So, fast-forward to 2011, and let’s review the key policy and regulatory issues that are on the IT policy agenda: cyber-security, data privacy, data breach reporting requirements, standards for critical infrastructure protection, and Internet neutrality. Today, there is no one federal department or agency that has singular regulatory authority over IT, and those that could assert such authority won’t do so without clear congressional authorization…I don’t see that lasting for much longer. For the next two to three years, regulators and policymakers are likely to achieve more regulatory authority and policy certainty over the IT industry than ever before. True, given the past track record, that won’t be hard, but several fundamental factors are working to create an environment where legislators and regulators will look at IT policy with greater creativity and confidence.
The keyboard, which is to be used in hospitals, automatically cleans itself by employing the germ-killing properties of ultraviolet light (UV-C). It is able to target microbes (a.k.a. germs) due to their ability to be broken down with just the right amount of ultraviolet light.
Tired of feeding more rodents than birds, my wife got new technology from Wild Birds Unlimited. The transparent hoods stop those that jump from trees above, the raccoon baffle keeps those that climb from below (it’s hollow inside). The feeders themselves have weight mechanisms to close the feeding portholes if the rodent does get near, they keep seed dry and have easy cleaning features.
The menu – we get flocks of birds several times a day – includes sunflower seed, peanuts, pecans and suet. The view of the canal is nice. Less than 5 feet away are bird baths with clean drinking water.
There is usually plenty of seed on the lawn and in other feeders which the squirrels can still access.
Spread the word – Margaret’s gourmet kitchen is open!
Visited our local Circle K and the clerk was proudly talking about the new Servend soda fountain in the photo. It has filtered water, more flavors in the same space, and produces '”Slushy” quality crushed ice.
I have written before about the Coke FreeStyle vending machine and food service vendors like Servend are helping convenience stores keep up with features like “chewable” ice (see this WSJ article on why that matters especially in Southern US states), ease of cleaning, flavor shots and other features.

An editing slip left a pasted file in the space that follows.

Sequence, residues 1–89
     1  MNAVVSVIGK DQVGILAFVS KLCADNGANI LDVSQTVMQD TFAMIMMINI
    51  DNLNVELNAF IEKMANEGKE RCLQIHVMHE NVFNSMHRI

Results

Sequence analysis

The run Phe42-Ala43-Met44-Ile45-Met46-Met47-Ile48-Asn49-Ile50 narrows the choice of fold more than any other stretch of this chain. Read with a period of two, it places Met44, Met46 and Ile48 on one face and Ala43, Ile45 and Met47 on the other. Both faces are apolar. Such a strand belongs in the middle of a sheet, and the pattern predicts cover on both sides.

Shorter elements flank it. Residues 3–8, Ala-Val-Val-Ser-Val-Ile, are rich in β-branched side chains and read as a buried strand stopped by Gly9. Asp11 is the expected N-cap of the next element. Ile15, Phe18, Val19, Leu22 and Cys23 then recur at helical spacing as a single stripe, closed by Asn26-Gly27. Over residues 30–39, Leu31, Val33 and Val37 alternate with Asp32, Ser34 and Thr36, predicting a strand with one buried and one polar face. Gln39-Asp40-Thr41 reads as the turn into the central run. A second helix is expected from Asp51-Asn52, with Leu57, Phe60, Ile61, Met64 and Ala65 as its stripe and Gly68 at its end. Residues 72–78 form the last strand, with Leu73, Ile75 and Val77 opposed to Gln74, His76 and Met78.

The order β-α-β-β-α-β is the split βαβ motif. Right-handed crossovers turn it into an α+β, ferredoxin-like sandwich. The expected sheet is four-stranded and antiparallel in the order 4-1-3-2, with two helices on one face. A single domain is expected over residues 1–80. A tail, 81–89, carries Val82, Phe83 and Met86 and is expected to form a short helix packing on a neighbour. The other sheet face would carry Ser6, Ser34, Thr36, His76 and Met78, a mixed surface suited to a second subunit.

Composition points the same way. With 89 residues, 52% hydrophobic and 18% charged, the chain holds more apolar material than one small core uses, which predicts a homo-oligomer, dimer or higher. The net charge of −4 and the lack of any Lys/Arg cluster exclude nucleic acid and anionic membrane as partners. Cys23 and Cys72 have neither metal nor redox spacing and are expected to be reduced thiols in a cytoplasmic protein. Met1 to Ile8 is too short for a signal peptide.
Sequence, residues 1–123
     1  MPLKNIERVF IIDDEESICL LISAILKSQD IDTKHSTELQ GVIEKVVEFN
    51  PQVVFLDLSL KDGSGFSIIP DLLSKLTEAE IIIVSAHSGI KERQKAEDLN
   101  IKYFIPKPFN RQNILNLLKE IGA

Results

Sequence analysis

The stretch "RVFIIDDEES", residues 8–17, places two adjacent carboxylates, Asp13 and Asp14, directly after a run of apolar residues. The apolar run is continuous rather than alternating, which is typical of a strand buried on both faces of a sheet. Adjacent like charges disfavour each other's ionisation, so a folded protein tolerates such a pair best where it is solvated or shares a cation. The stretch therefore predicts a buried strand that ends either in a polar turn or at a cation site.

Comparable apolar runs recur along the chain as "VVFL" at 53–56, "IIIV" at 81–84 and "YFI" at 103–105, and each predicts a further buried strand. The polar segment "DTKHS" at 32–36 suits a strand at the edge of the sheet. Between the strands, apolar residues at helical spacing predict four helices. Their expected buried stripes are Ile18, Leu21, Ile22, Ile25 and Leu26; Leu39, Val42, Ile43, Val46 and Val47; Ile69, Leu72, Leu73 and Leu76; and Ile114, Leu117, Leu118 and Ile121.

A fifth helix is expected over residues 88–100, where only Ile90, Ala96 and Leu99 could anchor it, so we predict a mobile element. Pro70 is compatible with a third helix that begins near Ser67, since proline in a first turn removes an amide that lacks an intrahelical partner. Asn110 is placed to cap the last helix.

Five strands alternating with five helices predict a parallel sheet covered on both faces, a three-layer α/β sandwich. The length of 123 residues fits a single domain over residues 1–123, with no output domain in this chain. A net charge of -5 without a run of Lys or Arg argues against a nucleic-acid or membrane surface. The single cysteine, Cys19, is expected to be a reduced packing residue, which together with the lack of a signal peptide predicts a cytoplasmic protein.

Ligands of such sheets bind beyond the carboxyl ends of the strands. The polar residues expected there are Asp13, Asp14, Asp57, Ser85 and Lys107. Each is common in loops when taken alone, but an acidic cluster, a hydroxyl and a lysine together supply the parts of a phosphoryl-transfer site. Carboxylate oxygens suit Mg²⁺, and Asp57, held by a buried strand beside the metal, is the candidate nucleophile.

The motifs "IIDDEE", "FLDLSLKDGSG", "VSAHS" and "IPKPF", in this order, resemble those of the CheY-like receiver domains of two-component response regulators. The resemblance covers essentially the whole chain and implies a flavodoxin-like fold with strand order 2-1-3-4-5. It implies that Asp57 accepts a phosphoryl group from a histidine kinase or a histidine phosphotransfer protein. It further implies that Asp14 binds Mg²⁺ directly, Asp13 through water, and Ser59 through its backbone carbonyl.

This is my town’s annual day of debauchery. For decades we have had a pirate invasion from sea, then they parade our corniche in floats and shower beads and other gifts. A good time is had by all – many of them tourists to our fair city.
Last year, I helped my son’s sailing team run a charitable beer stand and I got to see the parade from a whole new set of eyes. Plenty of technology – refrigeration for the drinks (the charity netted $ 16,000 from a days worth of beer cans. Do the math how many gallons we sold, and we were one of 10-12 such stands), technology in the massive security, technology in the fancy floats, even LED in the beads.
Hey, forget the tech. Let’s join Johnny Depp and go
We're devils and black sheep, really bad eggs, Drink up, me 'earties, yo ho.
By far the most lucrative prize on Kaggle is a $3 million reward offered by Heritage Provider Network to the person who can most accurately forecast which patients will be admitted to a hospital within the next year by looking at their past insurance claims data. More than 1,000 people have downloaded the anonymized data that covers four years of hospital visits, and they have until April 2013 to post answers.
My friend Tom Raftery, the “Greenmonk” who blogs on Sustainability, happened to mention his wife, Pilar Carnicero Marquez has been using her iPad in the classes she teaches in Spain. I invited her to describe her experience and I was impressed with the school’s innovative roots and how Pilar continues that tradition. Here is her guest column:
“My school is called "Colegio Aljarafe" It is in Mairena del Aljarafe, a town 7-8 km from Seville. The school was founded in 1971, just a few years before the death of Franco and the transition to democracy in Spain. It was founded by a group of teachers and parents that wanted a school different to the schools of the time: a non-denominational school, open to all races and cultures, a school to educate the students to participate, act freely, be close to nature and cooperate in their daily work.
There are around 1200 students in the school from 3 to 17 years old.
I teach different courses: Science to 12 and 14 years old (1º and 3º ESO) and Biology to 16 years old (1º Bachillerato). I use the iPad in many ways:
I project presentations on different topics using Keynote. You can find some of them in my blog,
I show them videos from Youtube on different science topics
I record my students´daily progress using the application Numbers. The use of the iPad has made much easier for me to record the students´work, specially with the younger kids who need daily supervision. Before I had the iPad I recorded their work in two different ways: the results of examinations and project work corrected by me at home in the laptop, and the marks for the daily homework in paper. Every term I had to pass all the information recorded in paper to the computer in order to calculate their final grades. It was impossible for me to walk around the classroom carrying my laptop (even the light Macbook Air) and entering marks for each student. With the iPad this has changed, it is light, much easier to carry around and it´s easy to work on the screen.
I have also used the iPad with them outside of the classroom, to show them different constellations and the position of planets during astronomy class using pUniverse. All the classrooms in our school are open to outdoors, there is no indoor corridor, so that they can see the trees and the sky from any place in the school. So, just stepping out of the classroom in autumn and winter mornings (we start at 8:15 am), I have been able to show them how to use the traditional planisphere (the analog star charting device) combined with applications like pUniverse or Star Walk in the iPad and the compass from my iPhone.